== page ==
|Peter Lombard - Theologian and Author|
By 1144 Lombard was recognized throughout Paris as a prominent theologian. Records indicate that he was appointed canon of Notre Dame in 1145 and participated in the Council of Rheims in 1148. He became an archdeacon in 1156 and was consecrated bishop of Paris in 1159. His reign as bishop lasted no longer than a year, at which point Maurice de Sully replaced him. Most scholars believe this abrupt replacement marks his sudden death in July 1160.
The public works of Peter Lombard include two biblical commentaries, sermons, and his monumental Book of Sentences. Lombard’s first biblical commentary, Glossa in Psalmos (Commentary on the Psalms), was completed early in his career while he was studying in Rheims.
The first draft of his second commentary, Collectanea in Epistolas Beati Pauli (Commentary on the Pauline Epistles), was written a few years later. This document was used in his lectures at Notre Dame and his 1155 revisions incorporated the insights he gained from the comments and criticisms of his students.
Lombard’s interest in theological instruction is best expressed in his masterpiece, The Book of Sentences. Written and revised at the end of Lombard’s life (1155–58), it appeared at an important moment in Christian history. During the 12th century Christian theology was moving in the direction of the Scholasticism that would dominate the coming centuries.
Books of sentences were written by numerous theologians and constitute a unique genre of theological literature. These works represent attempts to arrange, systematize, and synthesize the writings and opinions of the most important church fathers (hence the Latin sententia, which literally means “opinion”).
Lombard and others believed these one-volume compilations would be more accessible to theology students. Lombard’s work was similar in function and style to the more famous Summa theologica, produced by Thomas Aquinas over a century later.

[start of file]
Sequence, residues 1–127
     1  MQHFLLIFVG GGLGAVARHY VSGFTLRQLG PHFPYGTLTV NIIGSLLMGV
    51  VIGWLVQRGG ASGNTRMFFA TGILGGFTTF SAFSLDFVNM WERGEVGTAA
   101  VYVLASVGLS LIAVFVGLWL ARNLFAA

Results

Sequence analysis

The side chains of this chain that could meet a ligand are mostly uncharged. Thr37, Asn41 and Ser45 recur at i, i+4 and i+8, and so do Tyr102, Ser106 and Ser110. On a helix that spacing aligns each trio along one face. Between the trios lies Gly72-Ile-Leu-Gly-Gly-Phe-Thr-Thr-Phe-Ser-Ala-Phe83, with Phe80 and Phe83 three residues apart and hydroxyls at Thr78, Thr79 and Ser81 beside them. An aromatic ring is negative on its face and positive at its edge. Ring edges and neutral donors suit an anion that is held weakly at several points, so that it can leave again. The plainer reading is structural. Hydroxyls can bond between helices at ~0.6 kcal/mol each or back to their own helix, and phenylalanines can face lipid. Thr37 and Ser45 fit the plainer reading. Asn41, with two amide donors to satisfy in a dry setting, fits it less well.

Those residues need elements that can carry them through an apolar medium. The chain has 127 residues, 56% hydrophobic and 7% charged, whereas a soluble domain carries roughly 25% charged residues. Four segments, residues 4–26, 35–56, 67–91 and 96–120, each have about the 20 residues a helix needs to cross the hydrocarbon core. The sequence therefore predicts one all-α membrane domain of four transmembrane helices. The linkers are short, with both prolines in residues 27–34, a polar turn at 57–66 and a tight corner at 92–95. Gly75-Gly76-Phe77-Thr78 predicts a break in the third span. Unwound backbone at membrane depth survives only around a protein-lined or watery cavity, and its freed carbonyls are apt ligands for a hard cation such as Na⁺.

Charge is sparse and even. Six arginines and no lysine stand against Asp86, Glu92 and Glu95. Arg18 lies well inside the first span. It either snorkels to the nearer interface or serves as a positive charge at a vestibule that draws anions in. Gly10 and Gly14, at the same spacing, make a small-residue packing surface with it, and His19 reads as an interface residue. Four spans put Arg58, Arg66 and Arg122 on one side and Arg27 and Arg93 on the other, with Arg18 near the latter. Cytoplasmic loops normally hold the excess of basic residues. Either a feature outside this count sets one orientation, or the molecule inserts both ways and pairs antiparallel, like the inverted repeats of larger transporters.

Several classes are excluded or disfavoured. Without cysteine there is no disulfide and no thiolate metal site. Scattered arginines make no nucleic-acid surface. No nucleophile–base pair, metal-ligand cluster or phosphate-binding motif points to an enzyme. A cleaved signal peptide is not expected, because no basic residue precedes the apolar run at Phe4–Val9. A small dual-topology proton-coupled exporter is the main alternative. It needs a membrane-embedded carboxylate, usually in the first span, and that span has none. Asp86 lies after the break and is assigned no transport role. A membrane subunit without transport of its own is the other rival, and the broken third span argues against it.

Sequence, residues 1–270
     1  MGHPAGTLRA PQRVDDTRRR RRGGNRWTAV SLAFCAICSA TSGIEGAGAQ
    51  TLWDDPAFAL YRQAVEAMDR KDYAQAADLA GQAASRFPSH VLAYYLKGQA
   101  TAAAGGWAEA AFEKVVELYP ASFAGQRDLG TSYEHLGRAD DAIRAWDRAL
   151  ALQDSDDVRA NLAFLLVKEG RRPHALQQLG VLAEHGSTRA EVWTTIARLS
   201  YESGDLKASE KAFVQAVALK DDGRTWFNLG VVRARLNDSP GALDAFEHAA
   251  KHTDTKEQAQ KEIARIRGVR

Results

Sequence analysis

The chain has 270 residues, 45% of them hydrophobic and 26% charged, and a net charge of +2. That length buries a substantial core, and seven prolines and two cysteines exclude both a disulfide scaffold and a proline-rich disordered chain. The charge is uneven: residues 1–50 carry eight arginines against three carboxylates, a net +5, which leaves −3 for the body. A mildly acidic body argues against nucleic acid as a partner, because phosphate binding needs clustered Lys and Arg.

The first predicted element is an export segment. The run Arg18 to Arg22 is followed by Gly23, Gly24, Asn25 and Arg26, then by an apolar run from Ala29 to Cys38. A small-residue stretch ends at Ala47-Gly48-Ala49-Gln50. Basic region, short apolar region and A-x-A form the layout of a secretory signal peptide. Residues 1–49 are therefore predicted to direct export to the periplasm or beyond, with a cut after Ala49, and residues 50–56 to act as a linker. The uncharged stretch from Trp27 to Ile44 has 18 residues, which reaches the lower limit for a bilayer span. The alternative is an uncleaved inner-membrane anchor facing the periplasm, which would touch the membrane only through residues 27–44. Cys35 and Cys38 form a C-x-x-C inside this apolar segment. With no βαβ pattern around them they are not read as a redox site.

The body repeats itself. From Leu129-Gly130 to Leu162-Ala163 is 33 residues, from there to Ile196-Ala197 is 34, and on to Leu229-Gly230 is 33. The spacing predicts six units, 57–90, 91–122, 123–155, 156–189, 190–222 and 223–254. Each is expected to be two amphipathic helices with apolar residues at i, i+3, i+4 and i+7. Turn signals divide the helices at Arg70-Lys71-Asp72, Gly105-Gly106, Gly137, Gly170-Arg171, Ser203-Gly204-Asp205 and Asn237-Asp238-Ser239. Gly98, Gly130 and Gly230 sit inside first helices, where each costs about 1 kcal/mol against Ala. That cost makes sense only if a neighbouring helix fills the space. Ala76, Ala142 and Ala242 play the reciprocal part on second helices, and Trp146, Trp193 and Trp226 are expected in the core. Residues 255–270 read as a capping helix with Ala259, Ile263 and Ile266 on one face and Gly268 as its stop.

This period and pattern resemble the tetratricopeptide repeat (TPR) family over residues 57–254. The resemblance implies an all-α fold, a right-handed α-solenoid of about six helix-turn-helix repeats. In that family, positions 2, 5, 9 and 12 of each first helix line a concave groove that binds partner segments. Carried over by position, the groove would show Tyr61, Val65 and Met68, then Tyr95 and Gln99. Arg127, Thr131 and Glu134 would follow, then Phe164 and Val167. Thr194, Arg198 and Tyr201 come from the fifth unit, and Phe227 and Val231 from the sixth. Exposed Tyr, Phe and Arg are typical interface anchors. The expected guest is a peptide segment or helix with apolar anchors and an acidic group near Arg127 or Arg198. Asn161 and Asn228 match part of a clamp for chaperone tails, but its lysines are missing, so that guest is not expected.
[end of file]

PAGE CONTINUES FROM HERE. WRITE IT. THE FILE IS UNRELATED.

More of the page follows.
Lombard’s Book of Sentences was originally divided into four books that were further divided into numerous small chapters. Between 1223 and 1227, however, Alexander of Hales grouped these small chapters into topical units that became the standard “distinctions” now associated with each book. In its present form, book one covers 48 distinctions related to the “mystery of the Trinity.”
These distinctions synthesize positions on each person of the Trinity, including positions on God’s knowledge and will. Book two includes 44 distinctions on the doctrine of creation, with a special emphasis on the creation of woman and the doctrine of Original Sin. The nature of Christ, the Incarnation, and the virtues are addressed in the 40 distinctions of book three and book four addresses the sacraments in 50 distinctions.
The content of Lombard’s Book of Sentences places him squarely within the Augustinian tradition. Of the many church fathers cited in The Book of Sentences, Augustine is referenced 680 times. By comparison, the next most referenced theologian (Ambrose) is quoted only 66 times.
This heavy reliance on the writings of Augustine has led some scholars to argue that The Book of Sentences is nothing more than a 12th century reformulation of the ideas of this fourth-century master. Nonetheless his work had a profound influence on the history and development of Christian theology.
The legacy of Peter Lombard and his Book of Sentences rests on the fact that this text served as the primary textbook in Christian theology for almost four centuries. Beginning with the Fourth Lateran Council of 1215, every promising theologian had to respond to The Book of Sentences in the form of a lecture.
These lectures were then published and included within the theological works of the various commentators. This process continued until Aquinas’s Summa theologica replaced The Book of Sentences in the 16th century. Thus almost every theologian who lived and studied between the 13th and 16th centuries produced an extended commentary on Lombard’s work.
In fact, apart from the Bible, there has been no piece of Christian literature commented upon more often than Peter Lombard’s Book of Sentences. Some of the most famous commentators include St. Bonaventure (1217–74), Thomas Aquinas (1225–74), Duns Scotus (1266–1308), and Martin Luther (1483–1564).